I was gone from home and everything I knew for more than three months, living in places unfamiliar to me around people I did not know or barely knew. The Canadian Rockies and the U.S. Pacific Northwest consumed me. Like a wave, the experience swept away many pains, frustrations and annoying attitudes that had been poisoning me. Okay…I know I’m being dramatic. But I believe this trip was a truly life-changing one for me. I am a new person. I am admittedly still annoyed with a lot of things, both about the trip and about life in general. But the shadows I suspect will prove to be permanent are the good ones–memories that will transform into glowing backward-looking beacons of happiness in my old age. The bad memories of my trip are fading, along with bad memories from eons ago. Give me a few more weeks, and I’ll be safe to be around again.
Lots of sandbars with footprints on them…caribou! Didn’t see the actual animal, but the spirit of the place really snagged my imagination and intensified my feelings of connection with the natural world. How does a place so beautiful exist? I felt as though my eyes worked better when I was there, because I WANTED to see more. I wanted to really see what I was looking at. You can see more photos on Facebook later today (Foster Executive Writing & Editing).
9/24 I had dinner with a total stranger last night: Jacques Despres, part owner of LouLou’s restaurant. Actually, I can’t really call him a stranger anymore. I have gotten to know him and some of his workers while spending lots of time in the restaurant. Other than the Jasper library, it’s the only place I have really felt comfortable using the Internet for hours. The food is really good, and there’s a beautiful patio with big open windows in warm weather (not today). Thank you, Jacques. Everybody, go to his restaurant when you visit Jasper!!! To read business and writing tips and stories go to my blog at fosterwriting.com.
One of the last days I was in Lake Louise was not my best day on the road. I was questioning my work, my trip and my life, to be honest. I have an almost unquenchable positivity about me–always have. But when I run out of positivity, I can crash pretty hard. I guess it’s because I’m not used to it. Thank goodness, the guardian angels were watching out for me. I was just kind of surprised at the form they took. Continue reading
“Oh, sh–!” “Seriously?”: My Articulate Expression of Awe Upon Seeing the Canadian Rockies Between Lake Louise and Jasper
I really don’t swear that often. My friends would tell you, until I got divorced (the first time), they were shocked anytime they heard me say “damn.” I hate to admit, I do swear sometimes now. At bad drivers, mean people and injustices. I’m not proud of it, but there it is.
Yesterday and today, I found myself swearing at something that is NOT bad. No, it is very, very good. At the age of 54, I’ve seen a lot, and it’s tough to find something that takes my breath away…but God or somebody got the job done, and I didn’t have any other way to express myself.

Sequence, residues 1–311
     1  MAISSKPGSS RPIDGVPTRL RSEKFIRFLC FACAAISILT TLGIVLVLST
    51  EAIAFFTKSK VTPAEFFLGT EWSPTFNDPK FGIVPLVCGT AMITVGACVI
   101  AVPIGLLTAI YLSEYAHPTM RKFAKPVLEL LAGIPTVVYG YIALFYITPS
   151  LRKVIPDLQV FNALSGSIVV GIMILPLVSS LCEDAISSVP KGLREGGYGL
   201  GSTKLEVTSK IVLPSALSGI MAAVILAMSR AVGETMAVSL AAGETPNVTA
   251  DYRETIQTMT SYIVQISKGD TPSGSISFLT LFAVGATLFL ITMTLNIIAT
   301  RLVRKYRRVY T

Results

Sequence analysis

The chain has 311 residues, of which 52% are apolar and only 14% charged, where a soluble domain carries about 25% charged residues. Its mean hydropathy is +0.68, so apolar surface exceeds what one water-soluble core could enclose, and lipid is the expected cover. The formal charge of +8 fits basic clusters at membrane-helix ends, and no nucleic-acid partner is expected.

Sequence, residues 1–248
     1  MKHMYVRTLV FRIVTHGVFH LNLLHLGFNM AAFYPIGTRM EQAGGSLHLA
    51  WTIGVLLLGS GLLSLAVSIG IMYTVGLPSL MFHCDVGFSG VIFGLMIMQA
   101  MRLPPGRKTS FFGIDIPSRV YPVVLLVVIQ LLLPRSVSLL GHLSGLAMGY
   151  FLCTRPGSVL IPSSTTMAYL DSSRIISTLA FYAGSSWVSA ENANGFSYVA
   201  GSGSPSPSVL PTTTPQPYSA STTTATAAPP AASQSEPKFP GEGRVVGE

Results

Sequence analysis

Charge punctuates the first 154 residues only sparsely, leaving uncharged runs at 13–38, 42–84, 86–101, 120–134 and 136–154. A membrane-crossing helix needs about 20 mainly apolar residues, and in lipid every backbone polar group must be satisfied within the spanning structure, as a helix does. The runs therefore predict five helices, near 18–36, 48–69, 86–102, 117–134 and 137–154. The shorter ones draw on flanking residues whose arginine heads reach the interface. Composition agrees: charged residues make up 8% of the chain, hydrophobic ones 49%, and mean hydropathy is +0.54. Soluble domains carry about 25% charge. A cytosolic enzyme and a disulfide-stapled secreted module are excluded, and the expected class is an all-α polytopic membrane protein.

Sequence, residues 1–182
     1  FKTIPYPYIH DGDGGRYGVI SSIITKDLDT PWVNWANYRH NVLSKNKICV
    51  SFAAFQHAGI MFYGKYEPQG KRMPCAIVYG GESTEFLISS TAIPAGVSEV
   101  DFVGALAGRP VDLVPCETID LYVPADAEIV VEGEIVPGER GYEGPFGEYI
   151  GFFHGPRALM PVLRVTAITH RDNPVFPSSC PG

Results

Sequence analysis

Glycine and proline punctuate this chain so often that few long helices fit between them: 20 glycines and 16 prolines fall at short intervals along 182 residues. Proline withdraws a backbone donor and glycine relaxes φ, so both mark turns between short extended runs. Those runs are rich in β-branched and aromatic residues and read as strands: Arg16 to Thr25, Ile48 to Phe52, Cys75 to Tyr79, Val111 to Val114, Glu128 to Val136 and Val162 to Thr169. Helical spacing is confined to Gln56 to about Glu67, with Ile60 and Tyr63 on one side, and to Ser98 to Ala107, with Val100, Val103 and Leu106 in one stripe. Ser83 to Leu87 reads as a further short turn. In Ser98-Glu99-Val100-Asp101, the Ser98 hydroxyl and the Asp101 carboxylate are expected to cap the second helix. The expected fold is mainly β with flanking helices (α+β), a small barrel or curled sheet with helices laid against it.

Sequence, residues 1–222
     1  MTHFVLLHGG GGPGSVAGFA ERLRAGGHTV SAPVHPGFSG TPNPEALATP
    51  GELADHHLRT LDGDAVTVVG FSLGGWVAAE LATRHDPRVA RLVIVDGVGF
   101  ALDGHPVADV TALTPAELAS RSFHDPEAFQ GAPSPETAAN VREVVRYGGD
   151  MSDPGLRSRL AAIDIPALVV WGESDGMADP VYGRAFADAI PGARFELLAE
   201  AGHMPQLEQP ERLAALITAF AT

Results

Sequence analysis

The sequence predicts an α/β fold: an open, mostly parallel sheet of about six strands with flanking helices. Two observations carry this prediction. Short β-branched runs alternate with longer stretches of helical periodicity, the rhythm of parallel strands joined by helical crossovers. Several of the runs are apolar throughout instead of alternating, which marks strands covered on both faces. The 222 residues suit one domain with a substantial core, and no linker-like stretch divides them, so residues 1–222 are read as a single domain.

Canada has really clean outhouses. Notice I didn’t write “really, really clean.” Any outhouse has it’s innate germiness. I have used more outhouses in the past four weeks than maybe in the last decade of my life. However, because I’ve been camping since before I can remember, I’ve used a lot of outhouses. You have to do it a certain way to not throw up every time you go. I thought I’d share my wisdom in this area for those who might need a little instruction on this very delicate, but very important, topic.
Certified Safe Outhouse User Procedure:
I have all the gear: hiking boots with high tech socks, waterproof Eddie Bauer parka shell and wool sweater for waterproofness and insulation, hiker daypack by The North Face with a mini first aid kit, lighter, bear spray, multi tool, Kleenex, even a toothbrush.
When I happened upon a turn to the Wapta Falls trailhead just off of the Canadian Transcontinental Highway, I couldn’t resist the thought of taking all this gear down the 2.4 km trail to Wapta Falls and back; except that a family of four was headed down the trail at that very moment, and I thought it would be safer to hike near a group. That’s what they tell you in all the visitor’s centers. So I left certain pieces behind that would have taken me too long to prepare: boots and parka for one thing.
I was wearing a really good pair of clogs from Brown’s shoe store in Lincoln…the same place I got my Hawaiian sandals that form to the shape of the bare foot (orthopedic, but they don’t look like it). I left the wool sweater behind, because I was wearing a microfiber zip-up I had bought in Lake Louise (complete with the logo).
None if those omissions was critical, since I didn’t get lost overnight, I didn’t get hurt, and it didn’t rain. The family turned back partway down the trail, and I just made sure my keys jingled with every step to announce my presence to any wild creatures.
Turns out, the fateful omission that day was socks. Continue reading